Erik Morales: “Technically I have always known that I am better than Manny Pacquiao”

erik moralesby Geoffrey Ciani - This past week’s edition of On the Ropes Boxing Radio featured an exclusive interview with three division champion Erik “El Terrible” Morales. “El Terrible” was last seen inside the squared circle when he lost a somewhat controversial decision at the hands of David Diaz back in August 2007. This Saturday night Morales returns to the ring for the first time in a fight against former WBA lightweight champion Jose Alfaro. Here are some excerpts from that interview:

On coming back after nearly a two and a half year layoff:
“Yes, the rest was very good for me because I had a lot of physical fights and now, after two years, I feel well rested so things will turn out different for me.”

Regarding his thoughts on coming back:
“For me it is very important to give all of my heart inside the ring. I’ve always been able to accomplish that because I have always had the public behind me and that’s why I want to invite everyone on the 27th because it’s going to be no exception—it’s also going to be a great, great fight..

Regarding his last fight where he suffered a disputed loss against David Diaz:
“The fight with David Diaz I did not lose. I think the judges beat me and psychologically for me it was not good for me in that moment, but now I am ready.”

On the controversial decision he lost in his rematch with Marc Antonio Barrera:
“I felt that in the first fight I was very, very happy because I won the fight. Barrera was very, very sad because he thought he won and they didn’t give it to him. In the second one, I thought for sure I had won that fight. I was celebrating like I had just won and Barrera never ever celebrated because he knew that even though they gave him the victory he could not celebrate. To me the most important thing in each of my fights is that all of the people that came to watch me fight are leaving happy that they saw a great fight leaving the arena. It doesn’t matter if I won or lost because I want those people to be entertained because they paid for those tickets.”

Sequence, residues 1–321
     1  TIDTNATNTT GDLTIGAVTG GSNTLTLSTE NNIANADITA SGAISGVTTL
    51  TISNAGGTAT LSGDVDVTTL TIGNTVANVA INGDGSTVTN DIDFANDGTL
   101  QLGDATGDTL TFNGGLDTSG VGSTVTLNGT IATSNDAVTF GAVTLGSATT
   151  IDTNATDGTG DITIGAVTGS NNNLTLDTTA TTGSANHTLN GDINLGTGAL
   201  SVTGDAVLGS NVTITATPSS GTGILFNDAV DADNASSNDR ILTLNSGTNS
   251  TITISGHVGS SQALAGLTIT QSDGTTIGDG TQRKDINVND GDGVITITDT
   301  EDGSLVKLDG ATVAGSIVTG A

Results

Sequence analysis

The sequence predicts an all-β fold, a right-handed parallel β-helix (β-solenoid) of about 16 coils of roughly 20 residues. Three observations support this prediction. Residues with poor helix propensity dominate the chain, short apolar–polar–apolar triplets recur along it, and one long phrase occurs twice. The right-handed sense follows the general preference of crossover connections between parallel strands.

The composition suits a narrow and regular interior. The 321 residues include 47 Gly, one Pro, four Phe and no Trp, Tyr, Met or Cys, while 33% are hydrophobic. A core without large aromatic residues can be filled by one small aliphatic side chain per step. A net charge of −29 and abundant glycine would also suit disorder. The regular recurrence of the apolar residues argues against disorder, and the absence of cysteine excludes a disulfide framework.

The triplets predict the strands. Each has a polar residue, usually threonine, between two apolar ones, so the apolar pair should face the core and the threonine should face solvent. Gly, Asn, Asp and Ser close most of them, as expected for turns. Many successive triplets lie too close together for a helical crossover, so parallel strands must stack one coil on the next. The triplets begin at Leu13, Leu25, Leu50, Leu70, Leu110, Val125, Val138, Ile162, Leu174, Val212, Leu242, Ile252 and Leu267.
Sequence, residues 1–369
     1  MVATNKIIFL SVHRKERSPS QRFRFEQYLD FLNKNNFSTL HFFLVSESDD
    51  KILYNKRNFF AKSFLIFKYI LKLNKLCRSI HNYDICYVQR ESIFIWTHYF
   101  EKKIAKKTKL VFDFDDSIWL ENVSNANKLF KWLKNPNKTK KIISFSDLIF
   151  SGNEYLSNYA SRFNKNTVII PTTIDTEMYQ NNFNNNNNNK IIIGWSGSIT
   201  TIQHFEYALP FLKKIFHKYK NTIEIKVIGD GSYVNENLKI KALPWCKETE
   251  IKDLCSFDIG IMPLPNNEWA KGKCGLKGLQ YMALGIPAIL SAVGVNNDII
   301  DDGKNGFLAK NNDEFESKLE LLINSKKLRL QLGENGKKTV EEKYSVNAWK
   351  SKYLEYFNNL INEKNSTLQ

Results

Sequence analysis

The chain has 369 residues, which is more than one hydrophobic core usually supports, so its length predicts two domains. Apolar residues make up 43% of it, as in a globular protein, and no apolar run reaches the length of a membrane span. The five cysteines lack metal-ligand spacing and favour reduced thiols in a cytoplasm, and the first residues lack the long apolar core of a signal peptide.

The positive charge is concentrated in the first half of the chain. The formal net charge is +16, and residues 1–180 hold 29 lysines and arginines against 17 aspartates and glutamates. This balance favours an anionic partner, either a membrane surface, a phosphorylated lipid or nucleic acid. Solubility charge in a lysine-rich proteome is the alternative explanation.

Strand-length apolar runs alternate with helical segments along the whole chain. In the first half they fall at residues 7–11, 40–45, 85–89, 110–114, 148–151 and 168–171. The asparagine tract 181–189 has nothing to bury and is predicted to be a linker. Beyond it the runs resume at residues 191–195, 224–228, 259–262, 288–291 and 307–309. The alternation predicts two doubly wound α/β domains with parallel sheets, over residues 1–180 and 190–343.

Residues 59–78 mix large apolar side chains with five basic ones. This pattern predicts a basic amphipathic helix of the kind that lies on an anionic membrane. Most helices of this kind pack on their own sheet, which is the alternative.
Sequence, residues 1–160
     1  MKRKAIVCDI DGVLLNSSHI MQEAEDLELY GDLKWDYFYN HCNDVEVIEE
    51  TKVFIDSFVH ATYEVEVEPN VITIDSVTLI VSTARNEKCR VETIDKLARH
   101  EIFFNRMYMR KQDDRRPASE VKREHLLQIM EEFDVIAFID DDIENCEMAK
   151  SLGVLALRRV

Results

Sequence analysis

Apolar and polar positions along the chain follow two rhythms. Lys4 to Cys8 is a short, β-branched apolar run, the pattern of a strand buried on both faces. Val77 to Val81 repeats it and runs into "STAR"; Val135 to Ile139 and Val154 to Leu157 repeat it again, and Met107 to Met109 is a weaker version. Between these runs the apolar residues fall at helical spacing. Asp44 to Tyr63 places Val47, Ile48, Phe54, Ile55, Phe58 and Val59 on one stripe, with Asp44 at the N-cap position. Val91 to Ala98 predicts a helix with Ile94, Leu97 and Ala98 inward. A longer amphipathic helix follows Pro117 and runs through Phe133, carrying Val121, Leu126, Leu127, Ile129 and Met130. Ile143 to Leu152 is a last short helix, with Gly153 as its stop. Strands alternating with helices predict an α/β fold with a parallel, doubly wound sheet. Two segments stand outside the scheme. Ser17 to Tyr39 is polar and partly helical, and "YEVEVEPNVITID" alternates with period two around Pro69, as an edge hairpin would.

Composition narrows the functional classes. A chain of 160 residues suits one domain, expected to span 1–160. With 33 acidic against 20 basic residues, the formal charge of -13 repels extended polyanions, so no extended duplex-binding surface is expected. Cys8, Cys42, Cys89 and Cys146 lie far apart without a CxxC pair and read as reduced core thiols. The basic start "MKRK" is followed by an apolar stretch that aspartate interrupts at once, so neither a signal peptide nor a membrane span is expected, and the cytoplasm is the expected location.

On being the last person to defeat current pound for pound King Manny Pacquiao:
“When I first fought him it was at 130 pounds. The second time he would not give me the chance to fight at 132 pounds and now he is fighting at 147 and I am coming back to fight at 147 also. I’m hoping that at a time not too long from now when the people see I can still do great, great things in the ring, I’m hoping that Manny Pacquiao will give me the chance to show he’s not the best in the world, because what I remember after twelve rounds is Manny Pacquiao crying—and crying and crying and crying because he knew about the beating he had just taken and he knew at that time there was somebody technically better than him. He had to find some way to be at an advantage to try and control me. That’s the way history was written, but here I am—brand new.”